ABSTRACT: Shekhar Saxena and colleagues summarize the recent WHO Mental Health Gap Action Programme (mhGAP) intervention guide that provides evidence-based management recommendations for mental, neurological, and substance use (MNS) disorders.
PLoS Medicine 11/2011; 8(11):e1001122. · 16.27 Impact Factor
ABSTRACT: Schizophrenia is a highly disabling disease and is costly to treat. We set out to establish what are the most cost-effective interventions applicable to developing regions and countries.
Analysis was undertaken at the level of three WHO subregions spanning the Americas, Africa and South-East Asia, and subsequently in three member states (Chile, Nigeria and Sri Lanka). A state transition model was used to estimate the population-level health impact of older and newer antipsychotic drugs, alone or in combination with psychosocial intervention. Total population-level costs (in international dollars or local currencies) and effectiveness (measured in disability-adjusted life years averted) were combined to form cost-effectiveness ratios.
The most cost-effective interventions were those using older antipsychotic drugs combined with psychosocial treatment, delivered via a community-based service model (I$ 2350-7158 per disability-adjusted life year averted across the three subregions, I$ 1670-3400 following country-level contextualisation within each of these subregions). The relative cost-effectiveness of interventions making use of newer, "atypical" antipsychotic drugs is estimated to be much less favourable.
By moving to a community-based service model and selecting efficient treatment options, the cost of substantially increasing treatment coverage is not high (less than I$ 1 investment per capita). Taken together with other priority-setting criteria such as disease severity, vulnerability and human rights protection, this study suggests that a great deal more could be done for persons and families living under the spectre of this disorder.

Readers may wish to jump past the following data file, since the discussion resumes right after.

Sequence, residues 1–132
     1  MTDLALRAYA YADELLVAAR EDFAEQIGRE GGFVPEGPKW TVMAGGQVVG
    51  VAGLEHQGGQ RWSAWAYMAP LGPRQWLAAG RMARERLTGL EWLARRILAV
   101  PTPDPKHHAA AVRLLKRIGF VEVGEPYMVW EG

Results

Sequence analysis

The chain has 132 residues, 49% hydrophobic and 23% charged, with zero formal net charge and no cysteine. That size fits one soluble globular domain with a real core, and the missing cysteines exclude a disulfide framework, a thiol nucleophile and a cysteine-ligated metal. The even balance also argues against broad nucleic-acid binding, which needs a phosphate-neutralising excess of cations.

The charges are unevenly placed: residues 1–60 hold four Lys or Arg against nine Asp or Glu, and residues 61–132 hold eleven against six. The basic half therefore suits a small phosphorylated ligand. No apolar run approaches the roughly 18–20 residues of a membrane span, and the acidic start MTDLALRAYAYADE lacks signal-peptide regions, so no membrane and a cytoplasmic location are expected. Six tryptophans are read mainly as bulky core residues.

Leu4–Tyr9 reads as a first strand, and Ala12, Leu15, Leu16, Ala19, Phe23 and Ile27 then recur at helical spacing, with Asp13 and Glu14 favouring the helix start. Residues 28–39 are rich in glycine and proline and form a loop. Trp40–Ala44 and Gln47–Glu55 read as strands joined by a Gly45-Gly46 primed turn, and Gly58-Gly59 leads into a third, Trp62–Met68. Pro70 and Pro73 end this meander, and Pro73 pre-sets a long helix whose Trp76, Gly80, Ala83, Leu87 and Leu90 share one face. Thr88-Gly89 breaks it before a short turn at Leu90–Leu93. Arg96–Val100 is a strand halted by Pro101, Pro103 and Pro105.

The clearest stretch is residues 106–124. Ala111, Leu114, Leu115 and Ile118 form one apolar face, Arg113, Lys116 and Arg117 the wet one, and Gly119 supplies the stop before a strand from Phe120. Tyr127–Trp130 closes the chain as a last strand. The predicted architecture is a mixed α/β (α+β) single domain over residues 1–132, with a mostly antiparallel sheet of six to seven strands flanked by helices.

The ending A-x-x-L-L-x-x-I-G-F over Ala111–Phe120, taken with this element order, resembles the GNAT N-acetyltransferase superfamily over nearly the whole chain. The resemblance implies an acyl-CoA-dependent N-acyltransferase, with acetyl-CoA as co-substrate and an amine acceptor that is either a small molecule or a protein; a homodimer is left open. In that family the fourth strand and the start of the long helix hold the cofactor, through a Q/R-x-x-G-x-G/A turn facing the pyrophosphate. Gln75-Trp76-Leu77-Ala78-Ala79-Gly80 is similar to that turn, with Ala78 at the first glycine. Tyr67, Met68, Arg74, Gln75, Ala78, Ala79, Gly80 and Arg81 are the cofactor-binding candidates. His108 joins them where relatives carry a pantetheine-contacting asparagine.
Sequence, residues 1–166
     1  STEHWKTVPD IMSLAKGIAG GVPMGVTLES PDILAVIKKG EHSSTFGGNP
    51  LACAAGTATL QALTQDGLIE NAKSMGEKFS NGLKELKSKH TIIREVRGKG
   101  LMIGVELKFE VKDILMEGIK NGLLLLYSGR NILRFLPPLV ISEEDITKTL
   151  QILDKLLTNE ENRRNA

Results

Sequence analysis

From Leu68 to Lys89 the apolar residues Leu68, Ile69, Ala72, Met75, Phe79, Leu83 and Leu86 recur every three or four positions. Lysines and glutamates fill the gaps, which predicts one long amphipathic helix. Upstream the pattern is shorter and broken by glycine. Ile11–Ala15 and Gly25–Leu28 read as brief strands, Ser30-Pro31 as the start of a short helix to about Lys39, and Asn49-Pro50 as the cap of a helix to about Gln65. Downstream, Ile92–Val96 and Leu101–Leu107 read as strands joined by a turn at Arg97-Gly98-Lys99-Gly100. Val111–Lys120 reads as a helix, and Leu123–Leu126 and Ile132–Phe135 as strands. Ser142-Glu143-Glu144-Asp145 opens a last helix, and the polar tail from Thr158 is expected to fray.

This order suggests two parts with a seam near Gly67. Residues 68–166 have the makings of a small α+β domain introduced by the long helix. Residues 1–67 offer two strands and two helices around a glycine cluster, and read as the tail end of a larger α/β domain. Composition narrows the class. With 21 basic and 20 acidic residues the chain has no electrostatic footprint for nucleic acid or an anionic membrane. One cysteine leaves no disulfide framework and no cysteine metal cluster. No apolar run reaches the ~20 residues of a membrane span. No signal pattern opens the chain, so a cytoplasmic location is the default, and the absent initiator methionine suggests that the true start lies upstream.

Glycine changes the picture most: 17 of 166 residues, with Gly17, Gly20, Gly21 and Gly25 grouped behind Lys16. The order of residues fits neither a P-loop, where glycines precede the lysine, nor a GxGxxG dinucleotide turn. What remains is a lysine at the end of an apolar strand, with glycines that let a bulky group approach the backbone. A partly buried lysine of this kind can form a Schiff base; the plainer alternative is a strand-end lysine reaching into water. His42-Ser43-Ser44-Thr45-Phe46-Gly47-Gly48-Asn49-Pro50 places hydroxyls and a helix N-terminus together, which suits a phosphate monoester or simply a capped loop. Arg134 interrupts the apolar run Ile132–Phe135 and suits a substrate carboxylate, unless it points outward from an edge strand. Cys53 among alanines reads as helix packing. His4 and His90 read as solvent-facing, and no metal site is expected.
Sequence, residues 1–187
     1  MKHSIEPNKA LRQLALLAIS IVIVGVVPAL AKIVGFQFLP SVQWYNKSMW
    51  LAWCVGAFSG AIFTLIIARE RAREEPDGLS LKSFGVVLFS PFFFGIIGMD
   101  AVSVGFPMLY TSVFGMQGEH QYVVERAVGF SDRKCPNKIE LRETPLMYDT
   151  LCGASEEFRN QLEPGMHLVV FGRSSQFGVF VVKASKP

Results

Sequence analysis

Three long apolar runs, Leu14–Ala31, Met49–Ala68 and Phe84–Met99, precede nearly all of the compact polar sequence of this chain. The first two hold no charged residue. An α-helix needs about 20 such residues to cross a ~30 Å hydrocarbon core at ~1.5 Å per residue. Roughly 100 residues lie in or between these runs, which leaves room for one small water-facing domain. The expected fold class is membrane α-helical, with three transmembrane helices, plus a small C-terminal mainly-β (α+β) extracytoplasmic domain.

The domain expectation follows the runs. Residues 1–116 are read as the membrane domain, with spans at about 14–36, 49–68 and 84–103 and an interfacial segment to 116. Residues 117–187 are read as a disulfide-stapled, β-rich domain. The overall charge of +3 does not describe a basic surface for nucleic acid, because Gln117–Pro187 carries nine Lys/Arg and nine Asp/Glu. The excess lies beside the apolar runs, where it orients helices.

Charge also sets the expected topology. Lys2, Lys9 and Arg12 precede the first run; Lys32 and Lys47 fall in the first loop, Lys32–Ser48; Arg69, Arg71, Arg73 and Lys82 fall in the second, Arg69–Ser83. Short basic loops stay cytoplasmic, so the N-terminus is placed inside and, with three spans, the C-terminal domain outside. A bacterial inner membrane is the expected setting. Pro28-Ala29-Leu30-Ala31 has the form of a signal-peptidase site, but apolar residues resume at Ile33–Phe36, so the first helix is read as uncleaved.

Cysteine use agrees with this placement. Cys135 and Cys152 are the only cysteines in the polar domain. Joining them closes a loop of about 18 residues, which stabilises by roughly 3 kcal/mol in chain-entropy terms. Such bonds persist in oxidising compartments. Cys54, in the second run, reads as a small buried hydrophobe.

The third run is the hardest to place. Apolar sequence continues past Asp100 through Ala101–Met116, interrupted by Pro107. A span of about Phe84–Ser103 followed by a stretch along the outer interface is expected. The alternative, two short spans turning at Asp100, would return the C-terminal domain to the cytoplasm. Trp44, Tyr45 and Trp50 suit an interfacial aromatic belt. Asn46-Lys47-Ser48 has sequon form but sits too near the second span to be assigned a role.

Bulletin of the World Health Organisation 08/2008; 86(7):542-51. · 4.64 Impact Factor
ABSTRACT: Bipolar disorder has been ranked seventh among the worldwide causes of non-fatal disease burden.
To estimate the cost-effectiveness of interventions for reducing the global burden of bipolar disorder.
Hospital- and community-based delivery of two generic mood stabilisers (lithium and valproic acid), alone and in combination with psychosocial treatment, were modelled for 14 global sub-regions. A population model was employed to estimate the impact of different strategies, relative to no intervention. Total costs (in international dollars (I$)) and effectiveness (disability-adjusted life years (DALYs) averted) were combined to form cost-effectiveness ratios.
Baseline results showed lithium to be no more costly yet more effective than valproic acid, assuming an anti-suicidal effect for lithium but not for valproic acid. Community-based treatment with lithium and psychosocial care was most cost-effective (cost per DALY averted: I$2165-6475 in developing sub-regions; I$5487-21123 in developed sub-regions).
Community-based interventions for bipolar disorder were estimated to be more efficient than hospital-based services, each DALY averted costing between one and three times average gross national income.
The British Journal of Psychiatry 01/2006; 187:559-67. · 6.62 Impact Factor
ABSTRACT: International evidence on the cost and effects of interventions for reducing the global burden of depression remain scarce. Aims To estimate the population-level cost-effectiveness of evidence-based depression interventions and their contribution towards reducing current burden.
Primary-care-based depression interventions were modelled at the level of whole populations in 14 epidemiological subregions of the world. Total population-level costs (in international dollars or I$) and effectiveness (disability adjusted life years (DALYs) averted) were combined to form average and incremental cost-effectiveness ratios.
Evaluated interventions have the potential to reduce the current burden of depression by 10-30%. Pharmacotherapy with older antidepressant drugs, with or without proactive collaborative care, are currently more cost-effective strategies than those using newer antidepressants, particularly in lower-income subregions.
Even in resource-poor regions, each DALYaverted by efficient depression treatments in primary care costs less than 1 year of average per capita income, making such interventions a cost-effective use of health resources. However, current levels of burden can only be reduced significantly if there is a substantial increase substantial increase in treatment coverage.
The British Journal of Psychiatry 06/2004; 184:393-403. · 6.62 Impact Factor